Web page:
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The Debt Avalanche Method Explained

Get Out of Debt Strategy Series

The debt avalanche method is the strategy of paying off debts, regardless of their balance, from highest interest rate to lowest rate. Much like the debt snowball, you live on a written budget, and as you eliminate one debt at a time, you allocate those funds to the next bill until all non-real estate debt is paid off.

On paper, the debt avalanche is the most efficient way to pay off debt, and saves you more money in the long run. By focusing on the highest interest rates first, you are attacking the principal balances of credit cards or loans with high interest, cutting down on the time (and money) that will get tacked on the original amount you borrowed.

Related: The Debt Snowball Method Explained

If you are currently making payments on three credit cards and one auto loan, and the balances and interest rates were as follows:

  • Visa Credit Card with $2,500 balance and 15.9% interest rate
  • Mastercard with $1,000 balance and 20.9% interest rate
  • American Express Credit Card with $1,400 balance and 27.9% interest rate
  • Auto Loan with $9,000 balance and 5.9% interest rate

Since the American Express card has the highest interest rate, you will start there in the debt avalanche method, paying chunks on the $1,400 balance until it is paid off. Once you have this card paid off, move on to the Mastercard, and then the Visa, and finally the Auto Loan.

By paying these credit card balances down first, your FICO score will see a likely jump after your payments are recorded and reported to all three credit bureaus. That increase could open up opportunities for you to do a balance transfer on a card or loan with a high interest rate to another card/loan with a lower rate. Should that opportunity present itself, you can weigh out the benefits of consolidating the debt and making just one payment vs. pushing forward on your original plan.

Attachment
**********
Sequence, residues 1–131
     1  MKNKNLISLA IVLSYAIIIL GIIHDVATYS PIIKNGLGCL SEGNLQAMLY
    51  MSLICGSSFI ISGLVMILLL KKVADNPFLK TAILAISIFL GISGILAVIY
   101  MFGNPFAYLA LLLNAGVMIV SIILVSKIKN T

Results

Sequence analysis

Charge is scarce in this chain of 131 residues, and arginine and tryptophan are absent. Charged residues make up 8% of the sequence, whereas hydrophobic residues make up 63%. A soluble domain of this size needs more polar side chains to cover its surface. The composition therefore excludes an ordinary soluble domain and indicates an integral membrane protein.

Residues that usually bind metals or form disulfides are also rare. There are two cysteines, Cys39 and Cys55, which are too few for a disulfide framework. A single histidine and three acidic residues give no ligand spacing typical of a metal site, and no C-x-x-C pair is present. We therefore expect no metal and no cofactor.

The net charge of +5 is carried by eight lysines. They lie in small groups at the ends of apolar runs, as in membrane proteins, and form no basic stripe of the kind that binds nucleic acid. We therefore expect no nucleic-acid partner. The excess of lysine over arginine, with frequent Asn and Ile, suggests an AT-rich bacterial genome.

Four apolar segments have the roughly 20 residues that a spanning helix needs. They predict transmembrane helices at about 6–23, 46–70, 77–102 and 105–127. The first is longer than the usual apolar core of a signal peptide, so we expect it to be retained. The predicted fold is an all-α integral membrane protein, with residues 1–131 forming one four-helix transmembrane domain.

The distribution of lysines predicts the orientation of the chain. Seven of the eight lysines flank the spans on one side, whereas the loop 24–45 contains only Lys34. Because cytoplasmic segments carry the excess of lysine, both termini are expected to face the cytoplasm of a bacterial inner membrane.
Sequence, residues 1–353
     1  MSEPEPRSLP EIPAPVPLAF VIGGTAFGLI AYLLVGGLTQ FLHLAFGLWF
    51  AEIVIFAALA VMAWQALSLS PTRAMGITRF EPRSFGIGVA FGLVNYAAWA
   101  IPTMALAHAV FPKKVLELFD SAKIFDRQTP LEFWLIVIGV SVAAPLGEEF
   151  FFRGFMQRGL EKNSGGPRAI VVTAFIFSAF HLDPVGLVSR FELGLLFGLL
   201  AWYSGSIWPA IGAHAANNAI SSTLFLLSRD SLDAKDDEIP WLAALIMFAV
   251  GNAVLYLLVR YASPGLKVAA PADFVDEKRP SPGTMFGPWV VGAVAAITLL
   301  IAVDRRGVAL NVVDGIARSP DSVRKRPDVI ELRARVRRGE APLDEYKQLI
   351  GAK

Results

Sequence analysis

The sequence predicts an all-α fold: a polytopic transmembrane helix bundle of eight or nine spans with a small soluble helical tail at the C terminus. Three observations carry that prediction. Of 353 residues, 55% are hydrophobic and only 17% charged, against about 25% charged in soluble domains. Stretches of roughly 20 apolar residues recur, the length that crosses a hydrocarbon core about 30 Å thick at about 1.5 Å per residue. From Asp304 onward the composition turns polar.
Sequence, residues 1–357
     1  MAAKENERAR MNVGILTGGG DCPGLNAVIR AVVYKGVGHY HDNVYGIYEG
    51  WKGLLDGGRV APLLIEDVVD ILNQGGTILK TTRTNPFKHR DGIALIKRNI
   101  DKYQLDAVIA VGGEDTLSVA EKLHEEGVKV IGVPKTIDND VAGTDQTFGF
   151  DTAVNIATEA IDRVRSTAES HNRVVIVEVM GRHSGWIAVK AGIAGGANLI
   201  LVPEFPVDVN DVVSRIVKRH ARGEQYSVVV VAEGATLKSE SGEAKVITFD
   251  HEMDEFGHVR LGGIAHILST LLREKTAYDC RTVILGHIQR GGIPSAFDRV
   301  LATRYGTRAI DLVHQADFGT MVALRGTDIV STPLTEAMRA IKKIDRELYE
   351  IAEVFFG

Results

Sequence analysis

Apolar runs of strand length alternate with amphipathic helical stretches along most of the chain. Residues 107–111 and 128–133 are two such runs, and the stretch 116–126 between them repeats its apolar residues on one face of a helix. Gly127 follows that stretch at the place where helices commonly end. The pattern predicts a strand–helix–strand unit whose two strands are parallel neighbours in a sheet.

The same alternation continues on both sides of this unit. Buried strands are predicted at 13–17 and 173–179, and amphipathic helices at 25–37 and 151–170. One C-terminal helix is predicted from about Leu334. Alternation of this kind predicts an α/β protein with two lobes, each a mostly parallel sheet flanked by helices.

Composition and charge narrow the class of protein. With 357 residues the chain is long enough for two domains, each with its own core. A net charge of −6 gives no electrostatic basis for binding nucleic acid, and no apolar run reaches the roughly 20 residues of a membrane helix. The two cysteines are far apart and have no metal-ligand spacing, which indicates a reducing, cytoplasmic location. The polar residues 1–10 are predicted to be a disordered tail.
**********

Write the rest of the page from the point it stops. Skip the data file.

As mentioned when we covered the debt snowball method, before you commit to any strategy of repayment, you have to personally commit to not getting back into debt. It is no need to pay off these credit cards or loans if you are going to turn back around and max the cards out again. This is where personal finance gets personal. The math and the logic says the debt avalanche method may be the way for you to go, however you have to make sure your reason why you are getting out of debt is strong enough to withstand any temptation that arises. If you are a natural spender, that may mean doing what I had to do, which was pay off and then close much of my revolving credit. At one time, I had over a dozen credit cards, some with very small balances, opened due to a promotion of some sort, and others owned for years that were essentially a psychological security blanket financially.

Credit cards are not savings accounts, and not meant to supplement your lifestyle in between paychecks. Auto loans should be avoided when all possible. If you commit to personally getting out of debt, and staying out of debt, consider the debt avalanche method as an ideal way to eliminate lingering credit card, student loan, and auto payments for good.

Bonus – Check out CNNMoney’s Debt Free Calculator to determine how many months it will take you to become debt free if you make zero changes to your current budget.

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The Debt Snowball Method Explained

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